A renewed outbreak of the COVID−19 pandemic: A longitudinal study of distress, resilience, and subjective well-being

Shaul Kimhi, Yohanan Eshel, Hadas Marciano, Bruria Adini*

*Corresponding author for this work

Research output: Contribution to journalArticlepeer-review

Abstract

Considering the potential impact of COVID-19 on the civil society, a longitudinal study was conducted to identify levels of distress, resilience, and the subjective well-being of the population. The study is based on two repeated measurements conducted at the end of the pandemic’s “first wave” and the beginning of the “second wave” on a sample (n = 906) of Jewish Israeli respondents, who completed an online questionnaire distributed by an Internet panel company. Three groups of indicators were assessed: signs of distress (sense of danger, distress symptoms, and perceived threats), resilience (individual, community, and national), and subjective well-being (well-being, hope, and morale). Results indicated the following: (a) a significant increase in distress indicators, with effect sizes of sense of danger, distress symptoms, and perceived threats (Cohen’s d 0.614, 0.120, and 0.248, respectively); (b) a significant decrease in resilience indicators, with effect sizes of individual, community, and national resilience (Cohen’s d 0.153, 0.428, and 0.793, respectively); and (c) a significant decrease in subjective well-being indicators with effect sizes of well-being, hope, and morale (Cohen’s d 0.116, 0.336, and 0.199, respectively). To conclude, COVID-19 had a severe, large-scale impact on the civil society, leading to multidimensional damage and a marked decrease in the individual, community, and national resilience of the population.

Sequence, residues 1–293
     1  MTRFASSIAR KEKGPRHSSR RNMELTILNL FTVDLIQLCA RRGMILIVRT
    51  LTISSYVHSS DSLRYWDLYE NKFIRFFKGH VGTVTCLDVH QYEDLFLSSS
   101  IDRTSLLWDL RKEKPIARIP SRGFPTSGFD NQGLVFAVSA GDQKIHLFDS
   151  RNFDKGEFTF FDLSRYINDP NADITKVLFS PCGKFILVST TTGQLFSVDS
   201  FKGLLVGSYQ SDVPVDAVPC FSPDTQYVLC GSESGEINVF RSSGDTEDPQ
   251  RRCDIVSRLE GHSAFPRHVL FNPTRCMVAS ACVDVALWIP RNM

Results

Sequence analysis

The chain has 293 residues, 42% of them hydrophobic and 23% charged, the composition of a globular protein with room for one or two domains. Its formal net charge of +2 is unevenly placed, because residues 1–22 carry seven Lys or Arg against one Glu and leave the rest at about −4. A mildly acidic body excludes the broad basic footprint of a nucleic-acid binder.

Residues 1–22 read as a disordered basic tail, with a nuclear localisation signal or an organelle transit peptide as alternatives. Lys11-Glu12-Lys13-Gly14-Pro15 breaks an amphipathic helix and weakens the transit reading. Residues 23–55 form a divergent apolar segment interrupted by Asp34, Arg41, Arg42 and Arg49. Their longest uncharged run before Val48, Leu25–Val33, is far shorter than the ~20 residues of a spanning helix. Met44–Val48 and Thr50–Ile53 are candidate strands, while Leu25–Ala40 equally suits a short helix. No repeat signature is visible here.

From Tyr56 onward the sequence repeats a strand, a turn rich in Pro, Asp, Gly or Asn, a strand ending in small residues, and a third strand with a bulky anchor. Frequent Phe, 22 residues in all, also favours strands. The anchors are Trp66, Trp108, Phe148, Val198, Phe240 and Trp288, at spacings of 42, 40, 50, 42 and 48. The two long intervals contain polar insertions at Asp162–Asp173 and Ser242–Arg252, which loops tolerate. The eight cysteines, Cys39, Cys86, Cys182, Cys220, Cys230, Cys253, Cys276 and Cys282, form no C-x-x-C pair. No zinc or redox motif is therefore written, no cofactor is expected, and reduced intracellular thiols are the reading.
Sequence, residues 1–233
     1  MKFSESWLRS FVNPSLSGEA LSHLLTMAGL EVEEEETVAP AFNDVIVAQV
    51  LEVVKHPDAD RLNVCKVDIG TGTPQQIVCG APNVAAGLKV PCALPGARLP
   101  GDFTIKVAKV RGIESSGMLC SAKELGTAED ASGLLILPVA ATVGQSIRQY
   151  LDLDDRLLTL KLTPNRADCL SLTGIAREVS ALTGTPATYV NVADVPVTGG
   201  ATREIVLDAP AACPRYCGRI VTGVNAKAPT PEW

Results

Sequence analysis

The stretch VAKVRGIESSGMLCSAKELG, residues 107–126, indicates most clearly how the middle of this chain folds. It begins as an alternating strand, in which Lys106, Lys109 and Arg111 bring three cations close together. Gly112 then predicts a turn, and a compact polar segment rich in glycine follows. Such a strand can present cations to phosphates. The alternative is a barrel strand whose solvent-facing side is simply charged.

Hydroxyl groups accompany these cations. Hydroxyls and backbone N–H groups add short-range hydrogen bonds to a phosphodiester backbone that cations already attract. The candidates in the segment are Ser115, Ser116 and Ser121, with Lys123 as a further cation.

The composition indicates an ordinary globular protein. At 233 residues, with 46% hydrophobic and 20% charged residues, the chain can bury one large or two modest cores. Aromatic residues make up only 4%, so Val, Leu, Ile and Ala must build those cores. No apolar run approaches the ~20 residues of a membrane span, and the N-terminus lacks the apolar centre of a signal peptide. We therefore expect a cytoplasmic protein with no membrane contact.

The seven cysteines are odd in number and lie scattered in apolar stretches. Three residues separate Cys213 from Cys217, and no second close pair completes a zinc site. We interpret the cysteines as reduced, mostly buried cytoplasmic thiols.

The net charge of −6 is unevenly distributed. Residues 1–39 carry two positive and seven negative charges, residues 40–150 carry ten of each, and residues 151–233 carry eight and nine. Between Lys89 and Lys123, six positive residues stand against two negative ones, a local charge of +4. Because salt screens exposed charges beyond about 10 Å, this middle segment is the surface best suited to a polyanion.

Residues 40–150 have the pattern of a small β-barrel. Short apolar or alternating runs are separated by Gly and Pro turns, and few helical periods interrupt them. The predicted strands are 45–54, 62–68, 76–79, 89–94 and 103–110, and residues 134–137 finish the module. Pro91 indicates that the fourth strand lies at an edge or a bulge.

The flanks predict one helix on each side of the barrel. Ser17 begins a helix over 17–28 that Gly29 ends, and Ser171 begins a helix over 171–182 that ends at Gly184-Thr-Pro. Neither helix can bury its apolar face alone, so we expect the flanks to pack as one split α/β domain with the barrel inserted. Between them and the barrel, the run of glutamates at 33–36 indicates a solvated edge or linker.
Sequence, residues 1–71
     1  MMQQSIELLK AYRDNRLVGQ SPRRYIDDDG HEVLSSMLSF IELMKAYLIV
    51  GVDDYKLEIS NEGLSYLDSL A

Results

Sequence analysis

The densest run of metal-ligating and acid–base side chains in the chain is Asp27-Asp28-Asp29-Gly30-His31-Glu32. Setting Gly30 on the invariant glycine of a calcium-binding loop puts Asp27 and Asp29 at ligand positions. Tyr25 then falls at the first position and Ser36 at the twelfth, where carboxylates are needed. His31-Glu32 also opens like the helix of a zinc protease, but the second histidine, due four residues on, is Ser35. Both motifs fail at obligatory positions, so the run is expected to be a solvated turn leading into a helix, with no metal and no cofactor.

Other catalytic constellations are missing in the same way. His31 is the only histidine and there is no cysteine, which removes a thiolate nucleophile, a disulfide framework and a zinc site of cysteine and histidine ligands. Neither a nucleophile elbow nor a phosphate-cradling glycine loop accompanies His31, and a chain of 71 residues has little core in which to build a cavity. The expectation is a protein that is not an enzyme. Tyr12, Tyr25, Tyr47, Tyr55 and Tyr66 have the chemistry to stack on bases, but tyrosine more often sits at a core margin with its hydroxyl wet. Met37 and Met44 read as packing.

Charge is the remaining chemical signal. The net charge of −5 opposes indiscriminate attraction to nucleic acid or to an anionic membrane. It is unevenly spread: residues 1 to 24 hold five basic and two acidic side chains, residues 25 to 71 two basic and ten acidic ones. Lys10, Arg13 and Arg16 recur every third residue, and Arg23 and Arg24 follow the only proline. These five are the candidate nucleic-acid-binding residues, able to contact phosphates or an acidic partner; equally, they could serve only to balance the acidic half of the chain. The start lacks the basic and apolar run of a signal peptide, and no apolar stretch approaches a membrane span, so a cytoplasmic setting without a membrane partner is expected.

Original languageEnglish
Article number7743
Pages (from-to)1-13
Number of pages13
JournalInternational Journal of Environmental Research and Public Health
Volume17
Issue number21
DOIs
StatePublished - 1 Nov 2020

Funding

FundersFunder number
Israeli Science Ministry

    Keywords

    • COVID-19
    • Community and national resilience
    • Distress symptoms
    • Hope and morale
    • Individual
    • Perceived threats
    • Sense of danger
    • Well-being

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